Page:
A quick guide to Ireland

Dark Hedges in Armoy, Northern Ireland.

The Emerald Isle didn’t get its nickname by accident – this is a place of lush green hills, oxbow lakes and atmospheric forests and woods. You can choose to stay away from the cities in favor of an entirely rural trip, but you’d be missing out, because Cork and Dublin are fascinating places to visit.

Dublin out of the dark ages

The cobbled streets glow with the light from many welcoming hostelries across Dublin, and this is just one part of the character and atmosphere that makes the city such a magnet for tourists. Dublin is where recent history is easily discovered and a long, long past is waiting to be uncovered. To begin that journey, visit the Old Library, which was built in the early 18th century. Walk around the long room – one of the finest libraries in the world – and check out The Book of Kells, an illuminated manuscript pieced together painstakingly by monks, which dates back to the dark ages. As well as exploring Dublin’s engrossing, story-riddled city center, you should also make time for the National Museum and Trinity College.

An island within Ireland

Ireland’s second city, Cork, has a center built on an island surrounded by the serene River Lee. Even just strolling aimlessly around the city, watching the pretty buildings reflecting in the water, is a pleasure. However, if you do have a plan in mind, make sure it includes St. Fin Barre’s Cathedral. Architectural purists may scoff at its mixture of Gothic and other styles, but it’s undeniably unique – with a lavish interior, mosaics and a bishop’s throne. There are a couple of dozen festivals a year in Cork, including ones dedicated to film and jazz, so time your visit for one of those. Definitely check out the eclectic food scene – Electric is a modern classic that does tasty local seafood.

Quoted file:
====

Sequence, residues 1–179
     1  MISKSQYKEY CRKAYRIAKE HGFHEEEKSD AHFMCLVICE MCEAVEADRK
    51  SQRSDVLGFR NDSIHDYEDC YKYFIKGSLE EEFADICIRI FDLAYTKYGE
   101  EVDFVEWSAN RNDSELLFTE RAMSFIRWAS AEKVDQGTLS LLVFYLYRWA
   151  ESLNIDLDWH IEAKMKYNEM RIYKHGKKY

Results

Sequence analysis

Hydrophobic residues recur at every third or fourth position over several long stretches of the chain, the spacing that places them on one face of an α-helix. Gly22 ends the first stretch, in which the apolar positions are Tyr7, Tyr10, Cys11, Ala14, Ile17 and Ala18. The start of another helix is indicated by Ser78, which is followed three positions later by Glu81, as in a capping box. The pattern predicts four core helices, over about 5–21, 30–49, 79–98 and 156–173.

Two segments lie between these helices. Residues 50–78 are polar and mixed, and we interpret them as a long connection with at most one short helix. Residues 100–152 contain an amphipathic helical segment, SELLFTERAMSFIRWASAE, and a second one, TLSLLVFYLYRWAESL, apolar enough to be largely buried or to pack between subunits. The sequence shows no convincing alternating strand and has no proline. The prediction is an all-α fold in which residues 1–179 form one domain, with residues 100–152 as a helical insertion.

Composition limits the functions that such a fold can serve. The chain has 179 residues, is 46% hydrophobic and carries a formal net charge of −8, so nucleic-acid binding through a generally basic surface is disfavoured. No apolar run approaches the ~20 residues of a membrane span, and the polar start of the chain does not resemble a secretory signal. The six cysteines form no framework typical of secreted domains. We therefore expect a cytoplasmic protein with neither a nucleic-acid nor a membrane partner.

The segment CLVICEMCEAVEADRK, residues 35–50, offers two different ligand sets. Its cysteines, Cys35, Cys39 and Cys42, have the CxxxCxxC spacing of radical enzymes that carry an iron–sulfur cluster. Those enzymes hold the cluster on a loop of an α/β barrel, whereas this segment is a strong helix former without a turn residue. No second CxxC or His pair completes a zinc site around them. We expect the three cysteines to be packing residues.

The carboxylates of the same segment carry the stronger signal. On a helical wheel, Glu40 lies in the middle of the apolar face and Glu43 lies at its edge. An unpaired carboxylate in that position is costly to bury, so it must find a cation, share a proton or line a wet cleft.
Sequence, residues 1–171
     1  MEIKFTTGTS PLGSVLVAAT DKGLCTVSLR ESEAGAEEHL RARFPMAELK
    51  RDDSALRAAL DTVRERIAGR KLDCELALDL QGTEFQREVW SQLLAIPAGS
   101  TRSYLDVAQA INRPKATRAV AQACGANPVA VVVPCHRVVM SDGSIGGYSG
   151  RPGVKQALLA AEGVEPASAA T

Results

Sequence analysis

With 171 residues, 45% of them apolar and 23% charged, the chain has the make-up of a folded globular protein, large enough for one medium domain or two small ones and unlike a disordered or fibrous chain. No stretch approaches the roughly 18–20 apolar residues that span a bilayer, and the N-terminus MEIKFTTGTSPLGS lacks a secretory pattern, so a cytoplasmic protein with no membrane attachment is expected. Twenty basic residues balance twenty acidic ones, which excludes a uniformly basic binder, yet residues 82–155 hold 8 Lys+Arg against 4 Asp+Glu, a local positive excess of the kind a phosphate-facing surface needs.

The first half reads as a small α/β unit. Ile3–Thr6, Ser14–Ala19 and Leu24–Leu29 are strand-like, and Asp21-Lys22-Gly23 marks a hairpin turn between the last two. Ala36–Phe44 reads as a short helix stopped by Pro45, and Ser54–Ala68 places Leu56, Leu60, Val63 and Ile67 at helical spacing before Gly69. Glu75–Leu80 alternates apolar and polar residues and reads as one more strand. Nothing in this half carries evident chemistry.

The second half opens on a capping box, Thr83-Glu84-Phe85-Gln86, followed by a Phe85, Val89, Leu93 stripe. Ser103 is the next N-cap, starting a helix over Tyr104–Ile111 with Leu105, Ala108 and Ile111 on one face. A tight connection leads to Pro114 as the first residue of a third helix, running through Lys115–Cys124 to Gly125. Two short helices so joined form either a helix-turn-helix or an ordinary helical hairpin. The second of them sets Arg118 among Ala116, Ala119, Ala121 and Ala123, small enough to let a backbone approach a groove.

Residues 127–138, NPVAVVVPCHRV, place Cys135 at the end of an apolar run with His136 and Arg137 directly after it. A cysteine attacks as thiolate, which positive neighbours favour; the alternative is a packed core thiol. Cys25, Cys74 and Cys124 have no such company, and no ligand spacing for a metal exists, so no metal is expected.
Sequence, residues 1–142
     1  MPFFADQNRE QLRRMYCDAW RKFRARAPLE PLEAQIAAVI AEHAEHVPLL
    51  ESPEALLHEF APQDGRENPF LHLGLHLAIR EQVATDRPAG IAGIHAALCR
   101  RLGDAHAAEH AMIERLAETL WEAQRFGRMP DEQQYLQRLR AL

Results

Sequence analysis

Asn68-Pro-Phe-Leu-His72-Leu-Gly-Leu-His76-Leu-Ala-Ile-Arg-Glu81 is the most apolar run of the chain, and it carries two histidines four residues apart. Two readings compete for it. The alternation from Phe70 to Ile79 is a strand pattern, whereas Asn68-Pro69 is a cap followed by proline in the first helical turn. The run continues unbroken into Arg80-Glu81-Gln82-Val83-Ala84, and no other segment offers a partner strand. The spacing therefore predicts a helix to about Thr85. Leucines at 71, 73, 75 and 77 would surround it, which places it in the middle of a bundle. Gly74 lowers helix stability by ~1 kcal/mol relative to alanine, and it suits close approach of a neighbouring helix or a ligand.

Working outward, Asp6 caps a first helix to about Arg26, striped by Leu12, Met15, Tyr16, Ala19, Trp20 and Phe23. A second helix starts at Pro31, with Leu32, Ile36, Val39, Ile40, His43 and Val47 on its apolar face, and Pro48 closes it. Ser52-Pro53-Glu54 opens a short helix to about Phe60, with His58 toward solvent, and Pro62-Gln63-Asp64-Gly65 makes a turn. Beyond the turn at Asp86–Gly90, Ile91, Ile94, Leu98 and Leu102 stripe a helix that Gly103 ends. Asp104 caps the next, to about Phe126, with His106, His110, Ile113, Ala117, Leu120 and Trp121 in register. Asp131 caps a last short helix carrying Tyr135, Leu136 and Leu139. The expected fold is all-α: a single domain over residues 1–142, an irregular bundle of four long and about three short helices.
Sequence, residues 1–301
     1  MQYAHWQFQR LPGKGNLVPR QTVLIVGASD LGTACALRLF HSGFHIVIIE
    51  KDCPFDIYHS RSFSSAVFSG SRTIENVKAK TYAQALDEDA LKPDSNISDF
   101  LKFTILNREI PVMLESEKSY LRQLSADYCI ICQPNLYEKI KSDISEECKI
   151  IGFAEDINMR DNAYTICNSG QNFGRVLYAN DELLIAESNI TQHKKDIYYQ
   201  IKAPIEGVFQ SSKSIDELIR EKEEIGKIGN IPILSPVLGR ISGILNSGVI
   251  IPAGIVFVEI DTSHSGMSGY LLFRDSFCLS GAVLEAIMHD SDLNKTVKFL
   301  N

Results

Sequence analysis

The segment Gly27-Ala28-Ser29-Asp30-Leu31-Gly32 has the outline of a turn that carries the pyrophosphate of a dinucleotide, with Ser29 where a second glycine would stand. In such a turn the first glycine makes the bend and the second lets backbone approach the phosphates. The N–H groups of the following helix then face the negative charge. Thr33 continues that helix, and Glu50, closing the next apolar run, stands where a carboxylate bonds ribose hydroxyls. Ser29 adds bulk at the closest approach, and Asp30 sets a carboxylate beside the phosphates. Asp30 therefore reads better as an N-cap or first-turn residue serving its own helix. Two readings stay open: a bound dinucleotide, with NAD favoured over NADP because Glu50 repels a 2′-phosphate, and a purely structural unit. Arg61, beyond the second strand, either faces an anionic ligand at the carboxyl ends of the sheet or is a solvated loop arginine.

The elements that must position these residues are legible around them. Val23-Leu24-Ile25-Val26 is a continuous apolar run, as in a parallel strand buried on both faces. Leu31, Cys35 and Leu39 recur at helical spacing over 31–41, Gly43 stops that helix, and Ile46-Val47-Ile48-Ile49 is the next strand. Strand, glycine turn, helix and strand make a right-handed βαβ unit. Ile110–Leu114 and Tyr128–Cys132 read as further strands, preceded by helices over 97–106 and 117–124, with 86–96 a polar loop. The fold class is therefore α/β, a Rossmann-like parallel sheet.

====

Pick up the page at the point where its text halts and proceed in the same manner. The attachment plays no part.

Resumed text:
Of heather and hills

A long drive around the splendor of rural Ireland is both bracing and beautiful. The west coast is a place of crags and inlets, mist forming over hills, and quiet places perfect for contemplation. Head for Bantry Bay or the peninsula at Dingle – and if you do go to Dingle, check out Murphy’s handmade ice cream. You can get the most delicious flavors made with Kerry cow milk, including Caramelized Brown Bread, which is a thing of wonder.

South of Dublin you’ll find the Wicklow Mountains National Park. Park up and hike your way through the peaks strewn with heather, cross tiny streams to find tucked away waterfalls, or explore tranquil Glendalough – the Valley of the Two Lakes. There are plenty of organized tours you can join, and activities galore, but if you prefer the unscripted approach, simply dawdle through this outstanding area of natural beauty, keeping an eye out for Peregrine Falcons and rare types of orchid.

With ancient castles, great golf courses, the humbling Giant’s Causeway and so much more to see and do, car rental in Ireland is essential if you’re to make the very most of your visit to this special part of the world.